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“What I Know Now, That I Wish I Knew Then”

This was written by a foster parent and appeared on a blog. It is titled “What I Know Now, That I Wish I Knew Then”. And it speaks to how important it is to understand the effects of trauma, the wide effects…on the child, the family, and parents. And I return to this theme over and over again when I talk about the preparation given to foster/adoptive parents and how important it is to know the truth about parenting a child who comes from the very hard places of trauma.
1. Foster care doesn’t feel incredibly hard because I’m doing it wrong. It feels incredibly hard because it IS incredibly hard.
(It’s also incredibly worth it.)
2. The people you expect to understand trauma – your kids’ doctors and teachers and caseworkers and GALs – often don’t. Some will be open to your education and advocacy and others will not. Educate and advocate anyway.
3. Nothing you learn in training or read in a book will prepare you for what trauma does to a child and what it looks like in your own home. I felt as prepared as possible, and still I was shocked by what I saw, heard, and experienced.
4. Systemic trauma is real. My daughter, without a doubt, considers foster care and everything that comes with it to be her biggest trauma. We, as foster parents, must do everything we can to limit that trauma. This includes maintaining placement.
5. Fit matters. I wanted it not to matter (so badly), and it really does. Be honest with yourself about what you’re able to handle based on what your life looks like, the make-up of your family, what you expect of a child, and your comfort zone.
6. There will be lots of talk about “self care,” including from (hopefully) the professionals involved in your child/children’s team. To be totally blunt, I found that ridiculous. A bubble bath or an hour lunch with a friend not only seemed so far out of reach given what was happening in our home, but it also wasn’t going to solve any of our problems or relieve any of my burden.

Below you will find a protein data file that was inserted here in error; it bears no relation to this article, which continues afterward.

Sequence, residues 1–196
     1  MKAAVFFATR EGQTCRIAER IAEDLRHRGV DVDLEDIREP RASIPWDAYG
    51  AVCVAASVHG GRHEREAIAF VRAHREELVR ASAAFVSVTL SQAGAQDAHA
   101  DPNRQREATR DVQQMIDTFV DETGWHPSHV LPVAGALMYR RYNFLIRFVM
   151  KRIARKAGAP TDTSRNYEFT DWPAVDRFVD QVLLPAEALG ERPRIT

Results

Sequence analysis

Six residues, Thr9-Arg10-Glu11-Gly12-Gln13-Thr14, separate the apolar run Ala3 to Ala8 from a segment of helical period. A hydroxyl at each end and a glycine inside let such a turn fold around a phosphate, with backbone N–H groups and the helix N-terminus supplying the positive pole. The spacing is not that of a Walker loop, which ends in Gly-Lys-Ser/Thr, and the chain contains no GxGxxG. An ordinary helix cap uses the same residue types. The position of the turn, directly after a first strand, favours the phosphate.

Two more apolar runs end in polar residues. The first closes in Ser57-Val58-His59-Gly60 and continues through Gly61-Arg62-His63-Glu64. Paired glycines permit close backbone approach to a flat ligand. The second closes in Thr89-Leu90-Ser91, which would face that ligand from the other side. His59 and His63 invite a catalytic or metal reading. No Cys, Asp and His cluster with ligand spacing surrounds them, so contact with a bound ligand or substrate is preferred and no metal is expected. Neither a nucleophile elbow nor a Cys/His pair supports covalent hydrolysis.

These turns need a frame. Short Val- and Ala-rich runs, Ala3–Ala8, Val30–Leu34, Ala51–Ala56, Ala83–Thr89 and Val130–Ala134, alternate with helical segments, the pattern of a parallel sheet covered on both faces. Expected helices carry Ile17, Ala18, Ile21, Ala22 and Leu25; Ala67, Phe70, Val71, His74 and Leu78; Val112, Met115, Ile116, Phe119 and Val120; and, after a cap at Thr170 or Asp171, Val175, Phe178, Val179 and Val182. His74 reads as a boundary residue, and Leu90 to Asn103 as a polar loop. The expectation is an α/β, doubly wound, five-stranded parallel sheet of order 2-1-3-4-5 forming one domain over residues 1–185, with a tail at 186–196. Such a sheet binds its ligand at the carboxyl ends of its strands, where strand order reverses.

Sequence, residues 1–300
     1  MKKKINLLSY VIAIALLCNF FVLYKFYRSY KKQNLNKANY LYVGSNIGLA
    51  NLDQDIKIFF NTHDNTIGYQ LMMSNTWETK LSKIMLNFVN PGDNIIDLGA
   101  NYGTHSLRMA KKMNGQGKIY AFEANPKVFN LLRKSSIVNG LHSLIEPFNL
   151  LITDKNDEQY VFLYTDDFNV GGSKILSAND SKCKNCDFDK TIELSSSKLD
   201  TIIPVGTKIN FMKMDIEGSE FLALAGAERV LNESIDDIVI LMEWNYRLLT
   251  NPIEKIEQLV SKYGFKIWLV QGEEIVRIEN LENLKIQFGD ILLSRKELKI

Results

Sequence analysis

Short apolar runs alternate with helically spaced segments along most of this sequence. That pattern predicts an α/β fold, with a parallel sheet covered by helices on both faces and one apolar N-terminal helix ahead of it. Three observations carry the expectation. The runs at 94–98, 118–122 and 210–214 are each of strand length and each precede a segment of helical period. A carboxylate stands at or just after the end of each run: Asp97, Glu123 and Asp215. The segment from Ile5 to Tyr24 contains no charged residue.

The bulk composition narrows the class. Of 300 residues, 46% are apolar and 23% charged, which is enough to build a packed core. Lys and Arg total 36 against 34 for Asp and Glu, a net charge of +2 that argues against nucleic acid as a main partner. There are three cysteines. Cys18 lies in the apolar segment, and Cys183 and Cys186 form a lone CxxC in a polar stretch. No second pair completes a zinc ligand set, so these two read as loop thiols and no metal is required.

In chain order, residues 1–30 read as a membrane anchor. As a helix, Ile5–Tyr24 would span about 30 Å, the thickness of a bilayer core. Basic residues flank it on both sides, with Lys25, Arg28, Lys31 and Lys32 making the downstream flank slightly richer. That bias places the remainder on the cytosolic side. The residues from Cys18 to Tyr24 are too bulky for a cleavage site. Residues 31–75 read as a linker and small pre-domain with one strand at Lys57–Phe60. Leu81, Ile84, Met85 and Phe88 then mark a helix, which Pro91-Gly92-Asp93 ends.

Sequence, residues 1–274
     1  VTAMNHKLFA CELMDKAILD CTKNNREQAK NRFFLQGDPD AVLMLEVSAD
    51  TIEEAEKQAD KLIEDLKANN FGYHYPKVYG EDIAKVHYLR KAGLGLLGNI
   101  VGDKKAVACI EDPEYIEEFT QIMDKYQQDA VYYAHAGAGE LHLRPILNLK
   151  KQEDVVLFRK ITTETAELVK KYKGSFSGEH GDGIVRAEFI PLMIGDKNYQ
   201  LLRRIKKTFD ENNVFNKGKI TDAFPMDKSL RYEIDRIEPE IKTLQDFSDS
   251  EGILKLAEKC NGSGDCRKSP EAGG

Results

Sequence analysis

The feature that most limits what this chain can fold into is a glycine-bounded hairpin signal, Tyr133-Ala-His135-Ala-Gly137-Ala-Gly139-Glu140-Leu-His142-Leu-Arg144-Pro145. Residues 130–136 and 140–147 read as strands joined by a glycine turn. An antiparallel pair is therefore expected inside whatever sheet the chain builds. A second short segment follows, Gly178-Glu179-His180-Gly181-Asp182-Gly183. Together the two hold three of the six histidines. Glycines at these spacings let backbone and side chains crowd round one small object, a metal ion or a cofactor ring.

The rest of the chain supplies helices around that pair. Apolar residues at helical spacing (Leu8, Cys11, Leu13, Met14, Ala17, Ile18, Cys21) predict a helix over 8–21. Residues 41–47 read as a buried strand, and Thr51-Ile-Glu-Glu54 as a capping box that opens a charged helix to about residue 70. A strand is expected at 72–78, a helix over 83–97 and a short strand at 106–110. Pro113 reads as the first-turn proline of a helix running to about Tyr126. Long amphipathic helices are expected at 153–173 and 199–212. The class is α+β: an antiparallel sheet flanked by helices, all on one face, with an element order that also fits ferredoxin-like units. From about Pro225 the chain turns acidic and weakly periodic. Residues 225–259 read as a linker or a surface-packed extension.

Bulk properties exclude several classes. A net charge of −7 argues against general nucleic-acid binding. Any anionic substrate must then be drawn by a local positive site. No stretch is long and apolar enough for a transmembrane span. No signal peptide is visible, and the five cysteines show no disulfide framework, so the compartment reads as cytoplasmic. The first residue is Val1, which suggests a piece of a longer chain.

Community care, rather than self care, would. And did. Our community, the village we created for ourselves, was critical. Without our people, I could not have maintained placement in our early awful days. When you know what you need, don’t be afraid to ask for it. When you don’t know what you need, accept the offers that come your way until you can recognize what’s most helpful.
7. In many cases, progress looks like: Yesterday she threw a chair and aimed it at my head. Today she threw a chair – but made sure it wouldn’t hit me. While it’s easy to get frustrated with progress when it looks like that, it is so incredibly important to recognize this as progress.
8. Be prepared to hone your detective skills. You will come to understand your child more quickly if you pay close attention to her words, her behavior, her patterns, her triggers. In the early days, I recorded, in a written journal, as much I could because I found patterns to be especially helpful. My daughter now calls me “The Mommy Detective” and is used to me saying things like: “I know you’re telling me that you’re not dysregulated, but when you’re regulated, you do not argue with me like this. I need you to take three deep breaths with me and then try again.”
9. By now, three years into trauma parenting, I largely know what I need to do – but I don’t or can’t always do it. For a variety of reasons, my own stuff often gets in the way of me meeting the needs of my daughter and/or other foster kids in our home. I spend HOURS agonizing over this after the fact. I’m still learning how to apply the patience, grace, compassion, and forgiveness I extend to my daughter to myself.
10. Don’t get so caught up in the hard that you forget to have fun. My daughter is hilarious, brilliant, kind, curious, and brave. During our darkest days, being able to recognize and embrace all her strengths and use them to guide the way we connected was the light at the end of our tunnel.

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